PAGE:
Over the past 50 years, the nation’s relationship with the environmental movement has ebbed and flowed, with causes gaining momentum and fading away into the background as quickly as the latest pop culture trends. Today, the world is staring at monumental environmental issues that will have a profound effect on our population, yet the critical mass involved in tackling these challenges is often thwarted by skepticism and misinformation.
Today, the New York Times published an article that described how the modern environmental movement took off– which could offer clues into how scientists, governments and activists can create a new and sustainable approach to conservation. In 1962, Rachel Carson published “Silent Spring,“ which examined the effects of DDT and synthetic pesticides in nature. Though her citizen-scientist research in “Silent Spring” Carson managed to influence public perception on how the human footprint impacts the environment.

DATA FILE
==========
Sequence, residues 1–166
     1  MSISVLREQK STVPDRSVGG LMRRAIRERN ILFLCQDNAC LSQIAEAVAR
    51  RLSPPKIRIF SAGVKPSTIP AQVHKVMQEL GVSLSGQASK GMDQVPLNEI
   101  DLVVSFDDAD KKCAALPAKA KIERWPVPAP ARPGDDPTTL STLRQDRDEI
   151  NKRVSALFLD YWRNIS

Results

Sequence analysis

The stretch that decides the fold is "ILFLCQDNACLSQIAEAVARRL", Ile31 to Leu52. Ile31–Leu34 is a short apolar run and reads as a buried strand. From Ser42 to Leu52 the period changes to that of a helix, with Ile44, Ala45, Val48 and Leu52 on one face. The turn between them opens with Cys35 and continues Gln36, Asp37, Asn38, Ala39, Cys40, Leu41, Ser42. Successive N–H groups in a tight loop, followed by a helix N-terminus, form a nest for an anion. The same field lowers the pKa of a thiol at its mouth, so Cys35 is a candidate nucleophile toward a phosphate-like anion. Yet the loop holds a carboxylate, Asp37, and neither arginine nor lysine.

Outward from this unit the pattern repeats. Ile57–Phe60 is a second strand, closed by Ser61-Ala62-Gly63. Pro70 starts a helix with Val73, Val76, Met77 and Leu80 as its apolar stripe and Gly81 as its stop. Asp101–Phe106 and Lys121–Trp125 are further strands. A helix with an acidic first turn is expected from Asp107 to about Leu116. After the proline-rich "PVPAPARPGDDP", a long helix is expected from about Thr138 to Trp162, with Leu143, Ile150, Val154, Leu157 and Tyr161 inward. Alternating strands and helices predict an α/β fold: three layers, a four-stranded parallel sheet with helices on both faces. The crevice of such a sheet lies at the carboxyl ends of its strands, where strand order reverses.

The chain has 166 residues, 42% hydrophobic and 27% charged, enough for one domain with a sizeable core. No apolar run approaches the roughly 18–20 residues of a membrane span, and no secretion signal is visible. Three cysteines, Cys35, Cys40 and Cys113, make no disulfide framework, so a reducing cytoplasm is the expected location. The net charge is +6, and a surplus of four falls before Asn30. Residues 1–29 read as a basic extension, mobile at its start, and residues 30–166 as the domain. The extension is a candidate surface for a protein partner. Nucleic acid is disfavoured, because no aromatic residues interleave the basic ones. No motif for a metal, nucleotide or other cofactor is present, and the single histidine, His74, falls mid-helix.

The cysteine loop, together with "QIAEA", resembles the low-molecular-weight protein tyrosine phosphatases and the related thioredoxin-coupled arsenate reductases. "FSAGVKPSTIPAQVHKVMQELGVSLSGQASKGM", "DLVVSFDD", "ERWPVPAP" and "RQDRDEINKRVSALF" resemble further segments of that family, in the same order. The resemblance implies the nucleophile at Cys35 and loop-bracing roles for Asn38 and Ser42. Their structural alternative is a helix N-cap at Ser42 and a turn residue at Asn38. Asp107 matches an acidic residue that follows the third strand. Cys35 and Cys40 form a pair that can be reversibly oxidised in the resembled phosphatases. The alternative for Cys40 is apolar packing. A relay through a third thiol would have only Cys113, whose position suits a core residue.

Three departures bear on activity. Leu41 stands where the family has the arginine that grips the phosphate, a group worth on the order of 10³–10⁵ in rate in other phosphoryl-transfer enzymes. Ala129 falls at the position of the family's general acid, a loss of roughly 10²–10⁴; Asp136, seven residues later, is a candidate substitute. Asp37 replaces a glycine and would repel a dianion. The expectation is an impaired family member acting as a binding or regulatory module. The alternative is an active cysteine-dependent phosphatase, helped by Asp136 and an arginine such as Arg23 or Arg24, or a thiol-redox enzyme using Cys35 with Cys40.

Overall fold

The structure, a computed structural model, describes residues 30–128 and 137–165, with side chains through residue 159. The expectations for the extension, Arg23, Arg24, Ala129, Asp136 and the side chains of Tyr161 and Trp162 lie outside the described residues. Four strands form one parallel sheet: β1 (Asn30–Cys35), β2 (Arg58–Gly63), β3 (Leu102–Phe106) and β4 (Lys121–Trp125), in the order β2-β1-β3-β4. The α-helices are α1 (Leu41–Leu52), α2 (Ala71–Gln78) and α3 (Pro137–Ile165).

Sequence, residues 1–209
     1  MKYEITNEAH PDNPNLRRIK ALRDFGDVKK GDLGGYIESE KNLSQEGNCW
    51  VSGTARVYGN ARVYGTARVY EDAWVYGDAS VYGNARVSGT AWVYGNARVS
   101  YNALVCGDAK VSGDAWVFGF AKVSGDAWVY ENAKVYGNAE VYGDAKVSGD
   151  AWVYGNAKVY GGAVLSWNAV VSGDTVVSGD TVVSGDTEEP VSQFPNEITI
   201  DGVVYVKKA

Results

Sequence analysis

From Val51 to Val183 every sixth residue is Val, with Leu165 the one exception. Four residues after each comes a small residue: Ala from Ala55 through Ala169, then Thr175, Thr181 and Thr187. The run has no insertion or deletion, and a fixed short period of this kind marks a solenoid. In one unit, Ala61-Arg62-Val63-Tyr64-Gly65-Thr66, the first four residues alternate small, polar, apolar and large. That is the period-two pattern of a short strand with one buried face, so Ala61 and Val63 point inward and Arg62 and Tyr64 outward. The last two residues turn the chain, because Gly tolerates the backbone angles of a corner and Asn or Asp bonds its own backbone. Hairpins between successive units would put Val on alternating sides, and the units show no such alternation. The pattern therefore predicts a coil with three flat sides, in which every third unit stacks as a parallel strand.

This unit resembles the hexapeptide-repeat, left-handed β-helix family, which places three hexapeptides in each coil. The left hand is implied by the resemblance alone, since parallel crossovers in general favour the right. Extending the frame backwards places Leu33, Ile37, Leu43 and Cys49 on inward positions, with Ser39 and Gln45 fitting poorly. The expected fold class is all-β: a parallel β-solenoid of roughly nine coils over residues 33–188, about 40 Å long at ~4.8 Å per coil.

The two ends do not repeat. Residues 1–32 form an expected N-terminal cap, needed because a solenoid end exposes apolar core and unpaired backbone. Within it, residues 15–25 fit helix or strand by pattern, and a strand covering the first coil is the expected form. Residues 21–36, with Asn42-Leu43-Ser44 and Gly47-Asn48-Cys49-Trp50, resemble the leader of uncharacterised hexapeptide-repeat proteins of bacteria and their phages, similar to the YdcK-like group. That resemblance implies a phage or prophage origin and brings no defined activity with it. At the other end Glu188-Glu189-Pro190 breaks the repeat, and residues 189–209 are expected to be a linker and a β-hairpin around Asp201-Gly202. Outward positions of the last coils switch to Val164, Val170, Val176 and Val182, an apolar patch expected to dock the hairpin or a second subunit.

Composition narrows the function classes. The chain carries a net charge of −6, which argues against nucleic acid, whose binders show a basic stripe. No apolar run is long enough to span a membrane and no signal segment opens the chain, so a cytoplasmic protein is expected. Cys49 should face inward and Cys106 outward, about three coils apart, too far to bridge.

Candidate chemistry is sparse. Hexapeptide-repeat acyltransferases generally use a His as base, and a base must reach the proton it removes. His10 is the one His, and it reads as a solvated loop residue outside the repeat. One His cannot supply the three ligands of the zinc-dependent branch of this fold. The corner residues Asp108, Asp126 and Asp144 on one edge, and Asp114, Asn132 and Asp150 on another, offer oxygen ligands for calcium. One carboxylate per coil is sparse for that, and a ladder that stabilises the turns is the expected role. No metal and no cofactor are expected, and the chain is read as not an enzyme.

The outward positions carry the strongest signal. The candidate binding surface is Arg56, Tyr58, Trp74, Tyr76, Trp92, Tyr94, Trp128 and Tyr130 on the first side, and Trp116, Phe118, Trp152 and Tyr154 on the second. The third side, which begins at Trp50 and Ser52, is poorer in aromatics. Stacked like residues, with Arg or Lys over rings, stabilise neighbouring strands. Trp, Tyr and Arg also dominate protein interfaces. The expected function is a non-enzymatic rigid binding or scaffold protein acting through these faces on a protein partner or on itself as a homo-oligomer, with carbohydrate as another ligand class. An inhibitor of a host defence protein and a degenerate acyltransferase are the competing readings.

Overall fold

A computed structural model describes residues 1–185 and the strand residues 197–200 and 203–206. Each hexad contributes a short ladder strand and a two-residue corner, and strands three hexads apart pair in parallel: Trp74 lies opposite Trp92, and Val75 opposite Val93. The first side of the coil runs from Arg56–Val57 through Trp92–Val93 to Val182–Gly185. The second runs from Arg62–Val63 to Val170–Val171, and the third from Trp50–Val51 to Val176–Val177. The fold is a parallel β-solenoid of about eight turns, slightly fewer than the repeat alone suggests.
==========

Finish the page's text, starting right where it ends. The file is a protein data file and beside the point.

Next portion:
Broadcaster and scientist David Suzuki cited “Silent Spring” in a event hosted by the Australian Broadcasting Corporation that questioned why environmentalism is failing as a movement. In Chapter 25 in the video below, Suzuki discusses how Carson’s book affected both his personal and professional outlook on why he became a steward for environmental conservation.